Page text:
Delayed seed germination is considered to be a bet-hedging strategy, but experimental evidence of its adaptive role as an inherited trait is still lacking. In each of two co-occuring annual grass species, populations of Mediterranean and desert origin were studied during three consecutive years for population demography and seed germination in the reciprocally introduced experimental soil seed banks. The two environments strikingly differed in productivity (annual rainfall) and predictability (variation in amount and timing of annual rainfall). The two species exhibited highly similar pattern of seed size and dormancy across the two environments. In both species, a higher proportion of dormant seeds was observed at the desert location and for the seeds of desert origin, consistent with bet-hedging buffering against unpredictability of rainfall and high probability of drought in this environment. In addition, in both species seed mass was significantly less in plants of desert origin than in plants of Mediterranean origin. The two environments differed in demographic consequences of temporal variation in precipitation. In the Mediterranean population, even in the year of least precipitation, adults grew to maturity and seeds were produced. These seeds served to maintain population size. In contrast, in the desert population, in the year of least rainfall no seedlings survived to maturity and the soil seed bank was the only source of population persistence. Altogether, the results concur with predicted by adaptive bet hedging importance of delayed germination under marginal precipitation. (C) 2012 Elsevier GmbH. All rights reserved.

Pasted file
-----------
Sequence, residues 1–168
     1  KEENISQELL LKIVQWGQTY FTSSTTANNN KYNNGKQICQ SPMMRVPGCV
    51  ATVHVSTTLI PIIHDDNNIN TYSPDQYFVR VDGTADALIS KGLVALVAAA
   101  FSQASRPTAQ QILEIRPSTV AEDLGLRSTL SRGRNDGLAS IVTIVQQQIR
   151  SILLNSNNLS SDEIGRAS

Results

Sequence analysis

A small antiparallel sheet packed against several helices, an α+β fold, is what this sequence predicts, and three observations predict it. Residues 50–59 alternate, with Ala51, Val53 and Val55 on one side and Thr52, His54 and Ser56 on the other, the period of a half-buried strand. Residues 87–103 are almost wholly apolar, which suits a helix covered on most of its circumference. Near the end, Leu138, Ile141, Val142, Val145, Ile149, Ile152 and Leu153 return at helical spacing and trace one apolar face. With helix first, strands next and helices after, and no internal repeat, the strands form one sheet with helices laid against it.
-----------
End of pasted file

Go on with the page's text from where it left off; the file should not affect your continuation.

1.Chinese Acad Sci, Kunming Inst Bot, Kunming 650204, Yunnan, Peoples R China
Volis, Sergei. Demographic consequences of delayed germination in two annual grasses from two locations of contrasting aridity[J]. PERSPECTIVES IN PLANT ECOLOGY EVOLUTION AND SYSTEMATICS,2012,14(5):335-340.